The Singing Neanderthals: The Origins of Music, Language, Mind, and Body

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ISBN-13: 978-0674025592
ISBN-10: 0674025598
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Editorial Reviews

From Publishers Weekly

Mithen (The Prehistory of Mind; After the Ice) draws on archaeological record and current research on neurology and genetics to explain how and why humans think, talk and make music the way they do. If it sounds impenetrably academic, it isn't: Mithen acts as a friendly guide to the troves of data on the evolution of man (and myriad sub-mysteries of the mind, music, speech and cognition), translating specialist material into an engrossing narrative casual readers will appreciate. Beginning with a survey of modern theories of the evolution of language, music and thought, Mithen cherry picks ones that lay the groundwork for the book's second (and most substantial) part, which applies those ideas to 4.5 million years of evolutionary history, beginning with the earliest known hominid, Ardipithecus ramidus, and ending with Homo sapiens. Mithen's work here is equally remarkable, but perhaps because this is his area of specialty, the findings are less accessible to the average reader: they hinge largely on subtle differences in the interpretation of archaeological sites and the dating of artifacts. However, Mithen's expertise in the science and history of his subject is combined with a passion for music that makes this book enjoyable and fascinating. Readers from most academic disciplines will find the work of interest, as will general readers comfortable with research-based argument and analysis.
Copyright © Reed Business Information, a division of Reed Elsevier Inc. All rights reserved. --This text refers to an out of print or unavailable edition of this title.

From Scientific American

Early hominids largely looked and acted like apes. With one key difference: they stood and walked upright. This change in posture and mobility had profound implications for our evolution and "may have initiated the greatest musical revolution in human history." That is the ironic conclusion of Reading University archaeologist Steven Mithen, who continues his search for the essence of human behavior in his latest book, The Singing Neanderthals. Particularly within the past two million years, early humans refined the ability to walk, run and jump. With big brains and bottoms, spring-loaded legs, and sophisticated sensorimotor control, they could also dance, Mithen argues, if not sing. With a fascinating blend of neurology, anatomy, archaeology, developmental psychology and musicology, Mithen seeks the source of our propensity for making music, a universal human feature that has been strangely neglected compared with the origin of language. Darwin, naturally, touched on the topic, positing that unable to woo with words, our ancestors "endeavored to charm each other with musical notes and rhythm." Essential to both bipedal locomotion and music, rhythm plays a pivotal role as well in language. Music and language share other intriguing attributes. Both can move or manipulate us. Both can be spoken, written or gestured. Both possess hierarchical structure. And both seem to activate multiple regions of our brains. Mithen takes on linguist Steven Pinker’s assertion that music is just an entertaining invention, not a crucial biological adaptation like language. He carefully constructs and deliberately lays out his argument that music’s evolution holds the key to language. Yes, language ultimately supplanted music’s role in emotional expression and became our means of conveying ideas and information. Music, however, still stirs our most basic emotions. Until the relatively recent advent of syntactic language in modern humans, Mithen maintains, it was music that helped hominids find a mate, soothe a child, cheer a companion or provide a group’s social glue. Like language, much of music does not fossilize. We have elegant bird-bone flutes as old as 36,000 years from sites in Germany and France—unequivocal musical instruments. Beyond that, one is hard-pressed to display tangible evidence of music’s role in prehuman society. Mithen must speculate that Neandertals, for instance, strummed stalactites, drummed on mammoth skulls or otherwise made music without leaving a trace. But step inside a cave used by prehistoric people, and it is easy to appreciate its acoustic potential. By drawing data from a diverse range of disciplines, Mithen makes a persuasive case that our ancestors got rhythm and brings to prehistory a sense of sound.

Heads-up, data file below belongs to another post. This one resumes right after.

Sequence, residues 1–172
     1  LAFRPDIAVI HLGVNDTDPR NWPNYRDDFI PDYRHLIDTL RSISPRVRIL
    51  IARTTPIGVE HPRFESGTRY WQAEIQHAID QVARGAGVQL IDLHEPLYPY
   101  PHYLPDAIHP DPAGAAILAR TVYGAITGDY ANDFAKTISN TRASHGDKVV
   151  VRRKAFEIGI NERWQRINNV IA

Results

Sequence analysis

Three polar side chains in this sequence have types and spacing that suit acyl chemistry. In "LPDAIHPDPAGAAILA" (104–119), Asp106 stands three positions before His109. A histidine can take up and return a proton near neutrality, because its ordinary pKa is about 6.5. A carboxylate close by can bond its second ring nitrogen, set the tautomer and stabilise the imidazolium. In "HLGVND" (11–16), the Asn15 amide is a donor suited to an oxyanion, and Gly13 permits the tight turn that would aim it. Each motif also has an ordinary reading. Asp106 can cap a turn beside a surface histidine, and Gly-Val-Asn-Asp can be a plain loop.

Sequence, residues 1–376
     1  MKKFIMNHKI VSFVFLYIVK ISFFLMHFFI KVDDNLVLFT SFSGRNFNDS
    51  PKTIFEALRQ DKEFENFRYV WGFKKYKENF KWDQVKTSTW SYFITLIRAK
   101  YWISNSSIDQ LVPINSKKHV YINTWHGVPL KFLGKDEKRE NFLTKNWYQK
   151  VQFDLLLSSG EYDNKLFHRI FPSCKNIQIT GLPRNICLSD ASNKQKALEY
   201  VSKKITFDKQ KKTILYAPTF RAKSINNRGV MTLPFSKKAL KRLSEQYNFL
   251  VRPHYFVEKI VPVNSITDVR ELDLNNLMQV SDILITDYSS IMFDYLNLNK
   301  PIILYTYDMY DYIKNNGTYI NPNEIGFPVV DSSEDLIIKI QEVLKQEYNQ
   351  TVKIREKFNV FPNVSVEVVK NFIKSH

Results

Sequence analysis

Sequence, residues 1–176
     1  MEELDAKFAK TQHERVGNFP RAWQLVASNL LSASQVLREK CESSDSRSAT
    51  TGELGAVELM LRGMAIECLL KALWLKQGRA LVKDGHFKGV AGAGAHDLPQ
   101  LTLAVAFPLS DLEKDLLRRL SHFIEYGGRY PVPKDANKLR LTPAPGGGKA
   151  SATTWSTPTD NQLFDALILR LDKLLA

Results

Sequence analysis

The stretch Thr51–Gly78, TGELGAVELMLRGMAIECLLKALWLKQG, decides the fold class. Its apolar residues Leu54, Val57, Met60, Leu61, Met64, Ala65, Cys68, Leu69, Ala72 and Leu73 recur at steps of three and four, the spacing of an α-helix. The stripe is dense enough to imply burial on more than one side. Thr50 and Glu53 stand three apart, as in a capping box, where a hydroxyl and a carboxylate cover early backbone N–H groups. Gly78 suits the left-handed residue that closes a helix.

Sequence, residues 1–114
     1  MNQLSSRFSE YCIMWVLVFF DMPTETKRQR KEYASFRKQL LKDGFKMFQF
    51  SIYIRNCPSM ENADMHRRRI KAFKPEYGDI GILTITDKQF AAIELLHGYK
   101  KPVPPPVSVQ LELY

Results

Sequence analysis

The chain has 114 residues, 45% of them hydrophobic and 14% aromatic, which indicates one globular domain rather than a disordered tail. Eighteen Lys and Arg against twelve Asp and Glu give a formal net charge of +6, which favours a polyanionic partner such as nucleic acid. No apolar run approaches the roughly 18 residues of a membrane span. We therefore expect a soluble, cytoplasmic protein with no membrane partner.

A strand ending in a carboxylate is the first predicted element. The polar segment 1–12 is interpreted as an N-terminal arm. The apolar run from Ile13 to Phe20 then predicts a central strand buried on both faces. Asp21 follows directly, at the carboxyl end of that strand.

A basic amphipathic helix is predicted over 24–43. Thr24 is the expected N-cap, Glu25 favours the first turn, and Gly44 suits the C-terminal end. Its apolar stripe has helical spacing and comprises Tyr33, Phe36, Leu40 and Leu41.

Blake Edgar is a science editor and writer. He is co-author of From Lucy to Language, forthcoming in a revised edition from Simon & Schuster, and of The Dawn of Human Culture (John Wiley & Sons, 2002). --This text refers to an out of print or unavailable edition of this title.


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Product Details

  • Paperback: 384 pages
  • Publisher: Harvard University Press (October 31, 2007)
  • Language: English
  • ISBN-10: 0674025598
  • ISBN-13: 978-0674025592
  • Product Dimensions: 8.2 x 5.5 x 1 inches
  • Shipping Weight: 1 pounds (View shipping rates and policies)
  • Average Customer Review: 4.2 out of 5 stars  See all reviews (32 customer reviews)
  • Amazon Best Sellers Rank: #395,257 in Books (See Top 100 in Books)

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Customer Reviews

Most Helpful Customer Reviews

Format: Hardcover Verified Purchase
You can tell the ambitious scope of this book by its subtitle: "the origins of music, language, mind, and body." Wow! Is that all? Actually, the task the author sets out to do isn't as vast as one might at first suppose because they are seen as related in the way early hominids arose and then evolved further. Steven Mithen is less concerned with the origin of music than the way in which the homo sapiens mind differed from its ancestors and the then contemporary hominids.